Thursday, September 14, 2017


This is no fairy tale, but I’ll say it anyway.

Once upon a time, before crossovers, SUVs, and minivans began taking over as the favored providers of family transportation, there were perfectly capable vehicles for the task.

They were called station wagons.

They could handle a family of up to seven or eight members in relative comfort (depending on the age and size of the kids) and also offered plenty of room for weekly grocery runs and other routine errands, plus luggage space for the family vacation. There was even room for sheets of plywood in the back, something that those in the Southeast and Texas might appreciate during this hurricane season.

Many of them featured distinctive styling tweaks, like the fins of the 1950s, and many earlier models featured passenger compartments with real wood frames and sides. Later, station wagon designers mimicked the real-grain wood appearance but with the body finish done in steel or metal. My grandfather had a Jeep wagon like that.

Station wagons also served as a measure of what stage of life you were in. I remember once when about six of us from high school got together with our families for a small reunion probably15 years or so out of high school. Every one of us showed up in a station wagon. No more V8 coupes with dual exhausts and glass-pack mufflers for us!

But the oil crisis of the 1970s and evolving of the aforementioned SUVs and minivans, and later crossovers, eventually killed off — or nearly so — the station wagon in the U.S market. Clark Griswold’s Wagon Green Family Truckster from the movie National Lampoon's Vacation may have dealt the final blow. You think minivans don’t get respect today? Think about the Truckster.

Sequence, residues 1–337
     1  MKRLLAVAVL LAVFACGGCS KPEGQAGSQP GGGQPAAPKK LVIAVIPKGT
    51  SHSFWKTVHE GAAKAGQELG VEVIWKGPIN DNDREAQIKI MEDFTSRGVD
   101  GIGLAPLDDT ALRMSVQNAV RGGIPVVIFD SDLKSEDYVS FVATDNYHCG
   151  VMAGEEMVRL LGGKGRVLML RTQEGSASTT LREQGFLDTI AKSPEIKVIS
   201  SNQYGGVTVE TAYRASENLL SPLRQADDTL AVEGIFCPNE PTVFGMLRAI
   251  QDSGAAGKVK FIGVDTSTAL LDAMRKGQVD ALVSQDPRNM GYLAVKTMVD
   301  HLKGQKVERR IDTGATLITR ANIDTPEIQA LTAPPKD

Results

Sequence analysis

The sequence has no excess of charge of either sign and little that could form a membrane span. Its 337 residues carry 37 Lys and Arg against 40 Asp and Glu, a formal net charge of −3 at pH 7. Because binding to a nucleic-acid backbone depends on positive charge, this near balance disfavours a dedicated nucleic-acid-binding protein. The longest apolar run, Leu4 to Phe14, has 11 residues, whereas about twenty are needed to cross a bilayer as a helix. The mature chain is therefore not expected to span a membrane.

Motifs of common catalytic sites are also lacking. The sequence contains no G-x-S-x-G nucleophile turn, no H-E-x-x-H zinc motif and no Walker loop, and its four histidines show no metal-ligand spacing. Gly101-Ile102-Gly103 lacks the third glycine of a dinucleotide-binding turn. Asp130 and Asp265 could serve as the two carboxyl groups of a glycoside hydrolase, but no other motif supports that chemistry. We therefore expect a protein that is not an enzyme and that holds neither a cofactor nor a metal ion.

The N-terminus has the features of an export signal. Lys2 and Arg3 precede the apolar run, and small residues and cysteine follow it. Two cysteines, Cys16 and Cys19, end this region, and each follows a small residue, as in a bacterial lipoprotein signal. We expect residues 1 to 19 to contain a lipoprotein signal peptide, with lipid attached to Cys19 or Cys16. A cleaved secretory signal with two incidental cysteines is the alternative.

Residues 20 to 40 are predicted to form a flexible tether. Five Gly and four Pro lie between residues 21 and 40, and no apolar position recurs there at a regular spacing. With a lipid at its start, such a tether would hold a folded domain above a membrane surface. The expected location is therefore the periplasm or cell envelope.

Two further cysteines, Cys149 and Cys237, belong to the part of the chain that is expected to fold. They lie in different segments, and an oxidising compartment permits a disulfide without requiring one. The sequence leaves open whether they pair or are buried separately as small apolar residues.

Today, with Dodge having ceased production of the Magnum wagon nearly a decade ago, no domestic manufacturer even offers one in its portfolio. I would argue that Ford’s Flex with its boxy profile is more station wagon than it is crossover, but such is the scorn associated with those two words Ford marketers prefer to use the term “utility vehicle” in promotional material.

Ah, me. Where did we go wrong?

Fortunately -- at least in my view -- a handful of European manufacturers still offer a modern take on the classic station wagon in the U.S., including a couple from Volkswagen.

VW, which ceased production of its Passat Wagon a few years back, introduced the Golf Alltrack last year as a 2017 model after switching the SportWagen to the Golf fold from the Jetta family a couple of years earlier.

In essence, the Alltrack is a bit more sophisticated version of the SportWagen (and a few thousand dollars more expensive) and more adaptable to off-road treks with its slightly higher ground clearance. Not that you are going to take it out on the Rubicon Trail or anything, but you can venture off on more rugged dirt roads than you are the SportWagen.

I was able to spend a week recently in the 2017 Golf SportWagen TSI S w/4Motion wagon before the visit from Hurricane Irma kind of threw life off kilter. I liked it.